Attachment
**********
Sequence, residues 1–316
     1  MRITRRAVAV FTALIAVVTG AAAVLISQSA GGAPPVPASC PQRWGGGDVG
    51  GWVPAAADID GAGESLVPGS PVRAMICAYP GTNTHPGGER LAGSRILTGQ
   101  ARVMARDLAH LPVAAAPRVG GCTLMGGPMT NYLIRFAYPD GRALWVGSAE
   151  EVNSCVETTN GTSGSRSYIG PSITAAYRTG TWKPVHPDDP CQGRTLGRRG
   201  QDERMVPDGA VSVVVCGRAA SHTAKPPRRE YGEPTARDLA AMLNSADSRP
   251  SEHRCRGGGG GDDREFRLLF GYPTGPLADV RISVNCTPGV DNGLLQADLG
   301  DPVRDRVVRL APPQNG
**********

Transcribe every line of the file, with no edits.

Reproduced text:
Sequence, residues 1–316
     1  MRITRRAVAV FTALIAVVTG AAAVLISQSA GGAPPVPASC PQRWGGGDVG
    51  GWVPAAADID GAGESLVPGS PVRAMICAYP GTNTHPGGER LAGSRILTGQ
   101  ARVMARDLAH LPVAAAPRVG GCTLMGGPMT NYLIRFAYPD GRALWVGSAE
   151  EVNSCVETTN GTSGSRSYIG PSITAAYRTG TWKPVHPDDP CQGRTLGRRG
   201  QDERMVPDGA VSVVVCGRAA SHTAKPPRRE YGEPTARDLA AMLNSADSRP
   251  SEHRCRGGGG GDDREFRLLF GYPTGPLADV RISVNCTPGV DNGLLQADLG
   301  DPVRDRVVRL APPQNG